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|Title: ||Salt Flowers|
|CreatorArtist: ||De Cupere, Peter|
|Keywords: ||Salt Flowers|
|Issue Date: ||2017|
|Start Date: ||2017-05|
|Review Discipline: ||beeldende kunsten|
|Research Context: ||How scent can be used to add context to the work of art.|
|Description: ||Peter de Cupere uses an extreme scenario which shows that the water level rises in such a way that our land gets flooded with sea water. This kills the existing biodiversity. Sweet water becomes salt water. He looks for an utopic way of surviving particular to that situation. He replaces the by then disappeared white ice capes at the North and South Pole by white salt capes, won from the ocean. He presents a white salt nature with plants, fruit, vegetable and flowers created out of salt. They each have their own scent and thus a proper identity.
The 5 displayed Salt Flowers each have their own scent. Some do not smell that bad, sometimes even exaggeratedly fresh, others smell earthly and stink. The strength of the work does not solely lie in the visual accomplishment of the flowers, but also in the choice of scents.
Visually, the flowers are aesthetically and virginally white and the grains glitter in the sunlight. The artist knew how to attach the small grains to each other to a steady shape. Even though the spectator can be persuaded one hundred percent that the flowers are made of salt, they are far from the truth! All the flowers are made out of glass grains.
The whole work is created around perception. How do we experience things?
How important is it to know what we see and observe? Because even the scents deceive. The wonderful fresh smells are in reality nothing more than WC fresheners and laundry products. They smell like flowers synthetically. And that is also what will remain in an extreme scenario if the climate change continues like this. But also, the two other reeking flowers are a statement. One smells like organic nitrogen based on blood meal which is used as a fertilizer and the other like food for sturgeon (a type of fish). Two unpleasant smelling, or just say reeking scents.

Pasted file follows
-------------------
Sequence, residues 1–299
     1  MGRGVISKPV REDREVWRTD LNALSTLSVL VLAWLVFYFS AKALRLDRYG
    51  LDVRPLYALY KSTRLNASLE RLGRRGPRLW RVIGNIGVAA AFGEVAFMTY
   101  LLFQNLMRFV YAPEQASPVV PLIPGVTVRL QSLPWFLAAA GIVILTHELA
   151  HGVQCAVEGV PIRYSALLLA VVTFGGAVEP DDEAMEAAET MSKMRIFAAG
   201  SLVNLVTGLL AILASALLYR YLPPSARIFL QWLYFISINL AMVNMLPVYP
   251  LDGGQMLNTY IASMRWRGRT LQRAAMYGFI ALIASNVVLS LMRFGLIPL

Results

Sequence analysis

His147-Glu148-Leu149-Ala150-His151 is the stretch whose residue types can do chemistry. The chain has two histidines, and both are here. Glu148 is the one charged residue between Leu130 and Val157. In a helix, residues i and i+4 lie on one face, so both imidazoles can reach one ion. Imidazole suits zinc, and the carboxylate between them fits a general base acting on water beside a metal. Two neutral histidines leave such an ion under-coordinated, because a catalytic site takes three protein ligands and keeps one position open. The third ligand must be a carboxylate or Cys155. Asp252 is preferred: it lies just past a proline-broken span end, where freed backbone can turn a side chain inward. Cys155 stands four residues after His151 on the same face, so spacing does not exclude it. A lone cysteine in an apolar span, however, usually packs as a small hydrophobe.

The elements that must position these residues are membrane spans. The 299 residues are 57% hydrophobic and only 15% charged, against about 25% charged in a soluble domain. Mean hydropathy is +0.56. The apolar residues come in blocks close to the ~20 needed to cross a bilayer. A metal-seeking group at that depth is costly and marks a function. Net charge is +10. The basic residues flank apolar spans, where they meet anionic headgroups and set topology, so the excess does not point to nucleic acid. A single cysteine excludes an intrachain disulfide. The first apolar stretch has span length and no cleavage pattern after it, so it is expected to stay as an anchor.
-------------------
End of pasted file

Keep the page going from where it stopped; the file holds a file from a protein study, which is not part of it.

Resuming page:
With the idea of 'what you give is what you get', the artist is thus questioning our environmental policy and economy. Both have an influence on the breeding result of fish and the cultivation result of plants. It is well known that too many fertilizers are being used, but also the overcultivation of fish is not positive for the fish maintenance.
Salt Flowers allows the spectator to experience olfactory what a possible result might be of our daily use of synthetic products (scents) and extravagant use of fertilizers and nutrients, a world in which we do not find any purely natural products.
It seems to be a far from our bed show, but we encounter it every day in our daily life. The artist thus hopes that we will stop in time with letting us be deceived by multinationals who try to push us into synthetic cheap products. The synthetic lavender smell of one of the flowers does not come near to the same health quality as the true lavender scent in nature.
With Salt Flowers, the artist points out the necessity of a decent climate policy.|
|Link to publication: ||https://vimeo.com/231584517|
|Type: ||Artistic/designerly creation|
|Appears in Collections: ||Artistic/designerly creations|
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